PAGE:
Gubernatorial candidates say state has to do more for rural Colo.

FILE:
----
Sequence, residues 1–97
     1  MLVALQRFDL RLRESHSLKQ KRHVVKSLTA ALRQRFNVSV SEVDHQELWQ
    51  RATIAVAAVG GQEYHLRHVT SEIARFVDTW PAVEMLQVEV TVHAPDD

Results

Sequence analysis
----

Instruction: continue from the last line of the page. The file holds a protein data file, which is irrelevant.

GRAND JUNCTION, Colo. – Colorado’s next governor needs to do more to help rural Coloradans deal with their problems, including health care, transportation and a growing problem with methamphetamine, the three gubernatorial candidates said Saturday.It was the first time the three candidates – Republicans Bob Beauprez and Marc Holtzman and Democrat Bill Ritter – participated together.Ritter, a former Denver prosecutor, said law enforcement officers in rural areas have been overwhelmed by crimes related to the growing use of methamphetamine and they need help from the state and federal government.He said the state needs to attack the problem from three sides: Step up prosecution, increase education and provide treatment to those who need it to get off the drugs.Holtzman said most illegal drugs are now coming across the border with Mexico and the United States needs to crack down on illegal immigrants. He said employers also need to know they will be held responsible for hiring illegal immigrants, and the governor needs to work with other Western states to fight the problem.Beauprez agreed that a lot of Colorado’s meth problem originates from issues at the border:”We have to get control of our borders and shut off the supply,” Beauprez said.Holtzman said the best way to control the spiraling cost of health care is to involve consumers, including a provision to provide them with health savings accounts. Beauprez said the best way to cut costs is to improve services, including electronic record keeping and telemedicine for rural areas. Ritter said he would convene a task force to come up with a Colorado solution.Holtzman said a lot of rural Coloradans depend on the state retirement plan and he called for an investigation of the $11 billion projected shortfall in the plan, saying someone should be held accountable if the board approved risky investments. He said the plan needs reforms, including a change from a defined benefit plan that guarantees benefits to a defined contribution plan controlled by the employees.”It’s a ticking time bomb for the people of Colorado,” Holtzman said.All three men agreed that severance taxes that were designed to compensate counties overwhelmed by oil and gas development should be used to help the Western Slope, where much of the development has occurred.They also agreed that the state needs to help rural Colorado with transportation problems. Beauprez said the state can help the Western Slope develop rail and regional airports. Holtzman said the state needs to expand the Interstate 70 and Interstate 25 corridors. Ritter pointed out that he was the only candidate who supported Referendum C asking taxpayers to give up $4 billion in tax surplus refunds over the next five years and said the state needs to invest a lot more money in its highway system.Holtzman said Beauprez has done little to help the state cope with its water problems and pointed out he is the only candidate who supported Referendum A, a plan that would have provided $2 billion in bonding for large water projects. The Western Slope saw it as an attempt to grab their water for development on the Front Range and helped to defeat it.Tom Cross, who attended the forum, said he wants to know what it will cost to cover the promises made at Saturday’s meeting before he decides which candidate he’ll support.”I heard talk isn’t cheap,” he said.His wife, Roz, said illegal immigration was her top concern.”I don’t think we can look the other way any longer,” she said.Vail, Colorado